The average long-term savings when you go solar in Ohio total around $19,272 when you pay for your system in cash, and that’s after the panels pay for themselves over the first 12 years or so. Net energy metering can help increase your total savings and shorten your payback period, making it a solid incentive to take advantage of.

SREC Program

The SREC program is another of our favorite solar perks in Ohio because it takes no effort on your part to enroll. It will only net you an average of $90 per year in energy credits, but over the life of your panels, that’s around $1,800 you’ll get back with minimal effort to enroll. Be mindful that the price of SRECs can fluctuate over time.

ECO-Link Program

Finally, the ECO-Link program is an outstanding option if you’re planning on financing your panels. There are virtually no downsides to enrolling, and you could save hundreds or thousands of dollars on your all-in solar panel cost if you qualify. The application process is quick and painless as well.

What Ohio Residents Need To Know About SRECs?

solar rebates incentives ohio

SRECs are the credits you earn for all solar production. In Ohio, you warn one credit for every 1,000 kWh you generate. The average 9 kW system in Ohio will yield an average of 10 credits per year, which comes out to approximately $90 worth of profit annually.

When you sign a contract with an Ohio solar installer, the company should automatically enroll you in the SREC program, which means taking this incentive requires no effort on your part.

The local SREC value can change based on many factors, but in early 2022, each credit was worth approximately $10.

Are SRECs/TRECs taxable in Ohio?

Yes, SRECs are taxable in Ohio. These are not solar rebates or cash-back incentives, so you’ll have to report them as income. Thanks to the minimal amount of money most systems in Ohio earn via the SREC program, they shouldn’t have too significant of an impact on your tax burden.

What’s the Near-Term Outlook For More Incentives in Ohio?

As of right now, there is no evidence that Ohio property owners will see additional incentives for solar conversion in the foreseeable future.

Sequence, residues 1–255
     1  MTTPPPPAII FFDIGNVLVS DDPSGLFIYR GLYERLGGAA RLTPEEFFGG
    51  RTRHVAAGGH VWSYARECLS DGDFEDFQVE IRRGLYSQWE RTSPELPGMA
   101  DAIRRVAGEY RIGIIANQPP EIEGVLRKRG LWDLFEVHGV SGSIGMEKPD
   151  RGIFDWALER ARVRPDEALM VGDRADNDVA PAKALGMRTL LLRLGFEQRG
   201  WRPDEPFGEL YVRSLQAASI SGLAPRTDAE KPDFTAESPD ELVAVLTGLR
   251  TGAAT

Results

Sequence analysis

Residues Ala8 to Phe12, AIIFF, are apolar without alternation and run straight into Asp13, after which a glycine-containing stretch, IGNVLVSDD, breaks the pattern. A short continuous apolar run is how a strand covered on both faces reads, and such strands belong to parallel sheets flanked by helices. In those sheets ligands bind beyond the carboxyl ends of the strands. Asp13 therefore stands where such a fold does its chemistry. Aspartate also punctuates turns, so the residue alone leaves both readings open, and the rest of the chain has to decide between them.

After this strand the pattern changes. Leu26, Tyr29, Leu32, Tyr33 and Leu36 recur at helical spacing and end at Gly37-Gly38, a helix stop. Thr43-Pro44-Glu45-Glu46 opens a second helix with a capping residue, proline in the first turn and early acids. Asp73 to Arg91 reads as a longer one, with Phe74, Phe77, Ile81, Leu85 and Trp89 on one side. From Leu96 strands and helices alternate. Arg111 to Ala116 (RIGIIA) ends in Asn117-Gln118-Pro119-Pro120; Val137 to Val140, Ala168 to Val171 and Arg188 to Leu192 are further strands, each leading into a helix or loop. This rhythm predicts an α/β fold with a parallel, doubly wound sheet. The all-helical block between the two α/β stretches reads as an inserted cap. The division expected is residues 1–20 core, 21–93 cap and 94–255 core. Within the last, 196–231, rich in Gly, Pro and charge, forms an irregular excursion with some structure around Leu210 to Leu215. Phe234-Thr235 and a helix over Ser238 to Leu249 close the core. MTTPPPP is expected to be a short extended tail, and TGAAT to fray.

One of the primary driving forces behind new incentive programs is a state’s RPS goals. Right now, Ohio has a modest RPS goal of generating 8.5% of its electricity from clean sources by 2026.4 It’s currently on track to meet that goal, so there is currently no mandate for additional incentives.

If Ohio implements a more aggressive RPS goal in the future, then new incentives will be more likely to pop up.

Read More About Going Solar in Ohio

FAQ

Below, we’ll answer some of the questions we see most frequently about incentive programs from aspiring solar customers in Ohio.

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Article author
Karsten is an editor and energy specialist focused on environmental, social and cultural development. His work has been shared by sources including NPR, the World Economic Forum, Marketwatch and the SEIA, and he is certified in ESG with the CFA Institute. Before joining EcoWatch, Karsten worked in the solar energy sector, studying energy policy, climate tech and environmental education. A lover of music and the outdoors, Karsten might be found rock climbing, canoeing or writing songs when away from the workplace.
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Tori is an editor, writer, rock climber and travel enthusiast. A native New Yorker, she graduated from the College of Saint Rose with a degree in communications and journalism. Before joining EcoWatch, Tori helped to oversee communication strategies for the City of Philadelphia. Her experience also includes communications work in the nonprofit and academic sectors. A journalist by trade, she started her career covering political, environmental and social issues in New York's Hudson Valley. In her spare time, Tori can be found in the mountains climbing boulders, traveling to new cities or at one of Philadelphia's many music venues.